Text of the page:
What Matters

March 2020 Issue

Stay the Course

It’s mid-Winter. We’re way past the holidays and even past Presidents’ Day Weekend.  The days are getting longer, but it feels like a long stretch to get to Spring let alone Summer.  Students may need a little push and encouragement to keep their heads down and press on with their hard work until Spring Break.

In this edition of What Matters, we take a look at how architecture and interior design in American and Swiss primary and secondary schools have changed the educational experience.  From open floor plans to mobile desks to a brand new school in our own backyard, these well-studied design techniques are influencing how students interact with their curricula, teachers, and each other.

Mobile Learning

Space Matters.  This article explores how redefining classroom space and therefore function as it relates to brain science leads to a more creative classroom experience. More.

Breaking the Rules

In Switzerland, educators are rethinking shapes, lighting, color, and art to infuse classrooms with new ways to engage students and improve educational outcomes.  The point is that architecture and design matter. More.

We’re Big Fans

Look what has happened in Arlington, VA!  Don’t you want to go back to high school just for this?  The Arlington school board not only focused on new ways for students to interact with their school surroundings but also added loads of greenspace, color, and I’m just going to say it… they added FUN to school.

And this is not fake news, people! Just ask Sarita… her son happens to be one of the lucky Arlington students to attend this incredible school. The morning battles to get him up and out the door have sharply declined this year. More.

Washington Matters

Inspired by this new school in Arlington, we’re making recommendations for staycations in Washington DC this month.

Featured Partner: Buildlane

If You Build It, They Will Come

By Jason Claire, Chief of Stuff, Interior Matter

When retail companies like Room + Board or Restoration Hardware offer free design services, they’re effectively devaluing the work of professional interior designers and hiring glorified salespeople to sell only their brands. When they offer “custom” sofas, but buyers have only a few size options and a dozen textile options, then that’s not really custom.  Further, when Restoration Hardware offers “trade pricing” to the public, they are devaluing the extensive network that interior designers have with trade-only resources that build high quality furnishings without the baked in fee of having to advertise through 500 page catalogs or to open 50,000+ square foot retail showrooms. Big box retailers have borrowed our words and language, which makes sense. The home furnishings industry is nearly $35B.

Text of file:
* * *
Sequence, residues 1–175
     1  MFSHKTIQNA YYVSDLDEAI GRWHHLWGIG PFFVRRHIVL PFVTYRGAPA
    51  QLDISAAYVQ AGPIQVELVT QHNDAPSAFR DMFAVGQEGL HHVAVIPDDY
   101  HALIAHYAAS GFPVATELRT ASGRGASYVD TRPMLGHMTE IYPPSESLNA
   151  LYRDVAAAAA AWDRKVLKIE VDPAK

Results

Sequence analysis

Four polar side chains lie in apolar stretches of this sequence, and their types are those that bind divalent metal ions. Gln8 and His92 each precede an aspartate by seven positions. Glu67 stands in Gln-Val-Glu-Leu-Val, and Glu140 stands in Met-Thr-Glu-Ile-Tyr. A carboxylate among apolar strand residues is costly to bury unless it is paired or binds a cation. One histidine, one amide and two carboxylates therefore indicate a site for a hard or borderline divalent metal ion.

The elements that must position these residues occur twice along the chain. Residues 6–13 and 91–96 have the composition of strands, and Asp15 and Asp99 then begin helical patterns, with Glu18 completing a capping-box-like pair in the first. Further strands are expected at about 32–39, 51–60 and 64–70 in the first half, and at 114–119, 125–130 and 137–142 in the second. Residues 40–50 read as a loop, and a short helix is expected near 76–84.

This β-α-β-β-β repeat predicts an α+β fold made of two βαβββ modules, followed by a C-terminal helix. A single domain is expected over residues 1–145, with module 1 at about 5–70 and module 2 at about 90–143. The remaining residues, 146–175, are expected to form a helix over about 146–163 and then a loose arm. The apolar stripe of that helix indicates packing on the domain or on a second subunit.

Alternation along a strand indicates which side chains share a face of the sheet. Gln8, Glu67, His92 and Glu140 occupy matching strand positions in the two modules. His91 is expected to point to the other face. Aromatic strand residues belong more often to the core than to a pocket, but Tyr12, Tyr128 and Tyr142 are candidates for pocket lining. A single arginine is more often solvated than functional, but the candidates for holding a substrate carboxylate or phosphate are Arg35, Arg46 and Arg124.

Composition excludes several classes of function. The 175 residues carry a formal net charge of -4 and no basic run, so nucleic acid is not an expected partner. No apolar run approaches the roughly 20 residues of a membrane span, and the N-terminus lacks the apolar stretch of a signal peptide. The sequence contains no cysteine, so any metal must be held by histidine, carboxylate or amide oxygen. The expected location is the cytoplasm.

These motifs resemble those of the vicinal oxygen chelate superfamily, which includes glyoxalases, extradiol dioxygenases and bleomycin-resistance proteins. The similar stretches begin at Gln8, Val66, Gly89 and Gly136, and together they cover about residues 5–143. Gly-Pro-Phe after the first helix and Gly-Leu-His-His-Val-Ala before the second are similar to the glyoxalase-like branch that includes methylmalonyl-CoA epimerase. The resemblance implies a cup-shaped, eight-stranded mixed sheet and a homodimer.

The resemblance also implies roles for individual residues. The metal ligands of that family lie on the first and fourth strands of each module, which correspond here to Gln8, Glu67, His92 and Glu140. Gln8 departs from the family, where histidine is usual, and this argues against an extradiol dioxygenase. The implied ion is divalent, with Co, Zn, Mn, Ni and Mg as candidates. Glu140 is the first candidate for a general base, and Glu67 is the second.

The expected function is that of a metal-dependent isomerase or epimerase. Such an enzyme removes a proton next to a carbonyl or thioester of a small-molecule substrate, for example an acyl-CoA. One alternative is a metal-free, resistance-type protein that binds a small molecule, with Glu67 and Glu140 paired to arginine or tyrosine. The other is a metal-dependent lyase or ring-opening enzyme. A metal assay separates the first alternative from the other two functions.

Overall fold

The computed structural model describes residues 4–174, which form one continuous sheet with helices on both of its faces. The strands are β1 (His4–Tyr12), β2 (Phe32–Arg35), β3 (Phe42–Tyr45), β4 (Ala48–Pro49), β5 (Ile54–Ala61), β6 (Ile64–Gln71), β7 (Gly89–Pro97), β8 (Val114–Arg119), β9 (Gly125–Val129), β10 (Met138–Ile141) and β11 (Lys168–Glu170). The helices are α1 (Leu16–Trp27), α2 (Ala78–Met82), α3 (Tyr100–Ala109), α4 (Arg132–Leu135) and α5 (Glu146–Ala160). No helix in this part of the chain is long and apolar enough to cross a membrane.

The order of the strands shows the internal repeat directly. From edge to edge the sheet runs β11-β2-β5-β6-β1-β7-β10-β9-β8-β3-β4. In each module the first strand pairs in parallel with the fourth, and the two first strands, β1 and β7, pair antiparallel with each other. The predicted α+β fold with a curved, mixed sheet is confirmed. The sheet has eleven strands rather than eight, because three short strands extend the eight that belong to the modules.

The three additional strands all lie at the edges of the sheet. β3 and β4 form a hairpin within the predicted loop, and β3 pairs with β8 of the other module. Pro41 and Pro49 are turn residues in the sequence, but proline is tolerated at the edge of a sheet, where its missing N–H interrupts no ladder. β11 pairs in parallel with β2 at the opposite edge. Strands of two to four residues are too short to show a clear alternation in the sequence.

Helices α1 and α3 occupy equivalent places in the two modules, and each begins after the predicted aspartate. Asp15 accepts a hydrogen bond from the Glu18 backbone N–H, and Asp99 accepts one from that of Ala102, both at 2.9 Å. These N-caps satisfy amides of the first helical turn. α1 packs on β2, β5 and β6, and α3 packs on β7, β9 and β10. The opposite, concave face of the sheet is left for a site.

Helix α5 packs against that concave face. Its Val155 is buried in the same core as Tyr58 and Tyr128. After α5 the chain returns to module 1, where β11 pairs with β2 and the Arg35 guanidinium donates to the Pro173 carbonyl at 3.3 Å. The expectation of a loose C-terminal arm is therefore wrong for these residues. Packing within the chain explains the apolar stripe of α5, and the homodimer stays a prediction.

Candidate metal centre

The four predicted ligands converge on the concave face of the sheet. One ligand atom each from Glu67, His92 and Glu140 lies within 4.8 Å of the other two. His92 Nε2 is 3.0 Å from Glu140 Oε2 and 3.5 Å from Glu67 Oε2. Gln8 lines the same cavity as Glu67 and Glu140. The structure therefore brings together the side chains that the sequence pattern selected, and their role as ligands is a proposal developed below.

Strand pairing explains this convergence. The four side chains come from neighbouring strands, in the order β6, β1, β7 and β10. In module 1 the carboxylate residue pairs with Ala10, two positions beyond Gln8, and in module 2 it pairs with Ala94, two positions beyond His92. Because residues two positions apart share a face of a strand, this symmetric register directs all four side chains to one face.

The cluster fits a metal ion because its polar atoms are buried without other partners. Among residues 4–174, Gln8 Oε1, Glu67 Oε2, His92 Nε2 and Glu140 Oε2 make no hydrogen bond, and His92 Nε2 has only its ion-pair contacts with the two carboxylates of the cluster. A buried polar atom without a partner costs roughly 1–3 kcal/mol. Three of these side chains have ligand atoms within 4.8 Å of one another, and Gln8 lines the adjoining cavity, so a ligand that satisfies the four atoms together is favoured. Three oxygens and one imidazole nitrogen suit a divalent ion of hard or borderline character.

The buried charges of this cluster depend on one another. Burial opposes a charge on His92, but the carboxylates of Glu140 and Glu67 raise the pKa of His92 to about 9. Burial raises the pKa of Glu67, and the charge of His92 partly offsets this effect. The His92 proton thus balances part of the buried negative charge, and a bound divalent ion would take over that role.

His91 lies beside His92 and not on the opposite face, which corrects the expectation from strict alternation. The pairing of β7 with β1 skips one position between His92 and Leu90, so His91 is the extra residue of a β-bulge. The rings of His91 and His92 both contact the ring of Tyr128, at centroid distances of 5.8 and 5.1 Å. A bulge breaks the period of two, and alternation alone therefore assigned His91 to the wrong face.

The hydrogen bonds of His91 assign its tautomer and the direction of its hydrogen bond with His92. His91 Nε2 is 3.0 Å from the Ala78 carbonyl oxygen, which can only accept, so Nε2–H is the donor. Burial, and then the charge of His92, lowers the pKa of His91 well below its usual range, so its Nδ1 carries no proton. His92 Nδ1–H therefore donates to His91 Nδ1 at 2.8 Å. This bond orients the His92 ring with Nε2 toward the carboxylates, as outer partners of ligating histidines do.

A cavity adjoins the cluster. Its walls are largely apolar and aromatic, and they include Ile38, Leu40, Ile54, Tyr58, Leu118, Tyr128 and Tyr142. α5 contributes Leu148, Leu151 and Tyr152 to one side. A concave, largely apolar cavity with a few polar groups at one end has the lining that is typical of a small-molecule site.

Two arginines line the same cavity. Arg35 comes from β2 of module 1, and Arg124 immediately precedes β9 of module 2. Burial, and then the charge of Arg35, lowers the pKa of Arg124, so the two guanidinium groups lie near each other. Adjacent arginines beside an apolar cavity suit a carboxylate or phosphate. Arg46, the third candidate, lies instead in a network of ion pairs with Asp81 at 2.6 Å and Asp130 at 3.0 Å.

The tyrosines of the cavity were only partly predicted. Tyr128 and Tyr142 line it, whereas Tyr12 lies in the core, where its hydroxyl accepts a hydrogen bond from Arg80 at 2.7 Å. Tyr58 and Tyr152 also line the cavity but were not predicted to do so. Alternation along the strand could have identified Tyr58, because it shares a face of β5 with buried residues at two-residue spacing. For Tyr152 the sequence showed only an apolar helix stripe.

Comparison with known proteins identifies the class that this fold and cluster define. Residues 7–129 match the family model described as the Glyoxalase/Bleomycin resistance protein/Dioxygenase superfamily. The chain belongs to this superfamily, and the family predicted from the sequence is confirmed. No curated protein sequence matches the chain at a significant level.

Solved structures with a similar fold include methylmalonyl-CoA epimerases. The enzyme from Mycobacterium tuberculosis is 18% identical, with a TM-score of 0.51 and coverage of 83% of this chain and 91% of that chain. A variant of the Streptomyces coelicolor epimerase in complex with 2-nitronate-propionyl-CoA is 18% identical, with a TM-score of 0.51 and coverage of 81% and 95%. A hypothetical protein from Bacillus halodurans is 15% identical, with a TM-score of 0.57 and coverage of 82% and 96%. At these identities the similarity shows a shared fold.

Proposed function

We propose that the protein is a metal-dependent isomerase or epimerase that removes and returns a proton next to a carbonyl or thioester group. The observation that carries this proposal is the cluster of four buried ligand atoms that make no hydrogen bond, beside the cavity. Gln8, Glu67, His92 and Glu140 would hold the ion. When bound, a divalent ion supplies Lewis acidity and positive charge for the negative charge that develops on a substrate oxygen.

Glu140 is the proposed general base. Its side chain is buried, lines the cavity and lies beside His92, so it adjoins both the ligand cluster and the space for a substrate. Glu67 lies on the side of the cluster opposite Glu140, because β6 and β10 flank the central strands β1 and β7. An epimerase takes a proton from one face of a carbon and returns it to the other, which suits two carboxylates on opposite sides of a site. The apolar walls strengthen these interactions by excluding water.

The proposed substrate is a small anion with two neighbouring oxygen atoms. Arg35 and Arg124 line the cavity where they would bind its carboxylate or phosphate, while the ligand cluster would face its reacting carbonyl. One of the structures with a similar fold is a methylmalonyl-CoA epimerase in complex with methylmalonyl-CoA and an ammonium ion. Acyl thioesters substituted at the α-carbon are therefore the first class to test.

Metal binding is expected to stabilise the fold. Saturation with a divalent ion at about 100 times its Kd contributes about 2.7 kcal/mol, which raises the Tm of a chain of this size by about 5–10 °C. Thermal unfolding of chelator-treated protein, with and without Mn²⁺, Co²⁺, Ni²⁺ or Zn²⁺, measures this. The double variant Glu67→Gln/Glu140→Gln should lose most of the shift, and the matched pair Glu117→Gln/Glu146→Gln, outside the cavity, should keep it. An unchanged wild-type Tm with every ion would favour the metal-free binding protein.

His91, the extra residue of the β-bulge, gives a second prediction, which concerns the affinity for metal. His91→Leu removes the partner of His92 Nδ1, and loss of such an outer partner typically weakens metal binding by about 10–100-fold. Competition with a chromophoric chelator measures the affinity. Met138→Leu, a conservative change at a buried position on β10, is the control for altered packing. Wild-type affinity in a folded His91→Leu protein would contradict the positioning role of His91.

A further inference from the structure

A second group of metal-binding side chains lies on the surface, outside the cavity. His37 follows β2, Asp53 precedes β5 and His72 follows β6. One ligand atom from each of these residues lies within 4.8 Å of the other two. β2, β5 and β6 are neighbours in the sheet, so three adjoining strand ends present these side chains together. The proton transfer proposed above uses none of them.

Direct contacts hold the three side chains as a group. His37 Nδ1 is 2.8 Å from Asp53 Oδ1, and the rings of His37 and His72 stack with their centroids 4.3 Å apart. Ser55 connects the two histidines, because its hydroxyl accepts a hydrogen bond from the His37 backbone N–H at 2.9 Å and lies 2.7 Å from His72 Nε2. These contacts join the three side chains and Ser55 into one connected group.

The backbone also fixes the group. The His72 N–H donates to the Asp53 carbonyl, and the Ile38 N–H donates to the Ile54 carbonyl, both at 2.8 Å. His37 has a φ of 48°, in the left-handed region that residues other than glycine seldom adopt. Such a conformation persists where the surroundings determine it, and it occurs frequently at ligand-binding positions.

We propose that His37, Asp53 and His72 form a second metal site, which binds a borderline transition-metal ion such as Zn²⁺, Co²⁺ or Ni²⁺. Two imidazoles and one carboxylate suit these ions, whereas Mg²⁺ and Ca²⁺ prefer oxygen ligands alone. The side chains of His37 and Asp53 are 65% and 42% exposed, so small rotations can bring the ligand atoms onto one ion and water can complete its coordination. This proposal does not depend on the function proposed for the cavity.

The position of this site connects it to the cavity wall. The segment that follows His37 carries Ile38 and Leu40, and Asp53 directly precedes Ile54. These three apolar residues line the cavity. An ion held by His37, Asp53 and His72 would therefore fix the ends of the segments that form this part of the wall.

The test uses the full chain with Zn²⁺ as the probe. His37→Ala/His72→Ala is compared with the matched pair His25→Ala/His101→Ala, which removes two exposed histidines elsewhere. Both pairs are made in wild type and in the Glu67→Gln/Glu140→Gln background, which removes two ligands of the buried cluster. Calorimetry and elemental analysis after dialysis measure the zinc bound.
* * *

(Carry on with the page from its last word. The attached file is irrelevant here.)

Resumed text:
A company called Buildlane is at the intersection of interior design, technology, and manufacturing. Located in Los Angeles, Buildlane is a technology platform that acts as a conduit between interior designers and American makers (of upholstered goods, case goods, and more). As design professionals, we can create the perfect pieces for our clients, load them into Buildlane’s software platform, get pricing, samples, and a firm timeline for production…all made in America. The quality is exceptional, the size, feel, comfort, and aesthetic are perfect for our projects, and the cost is approximately the same as what people pay at big box furniture retail chains. I had the pleasure of meeting with Buildlane’s CEO a few weeks ago in LA and touring one of its factories. Buildlane is better, and custom does not mean expensive.  We hope to help you with your next interior design project and perhaps we can build something together – just for you.

 (Sofa and ottoman in photo above by Buildlane.)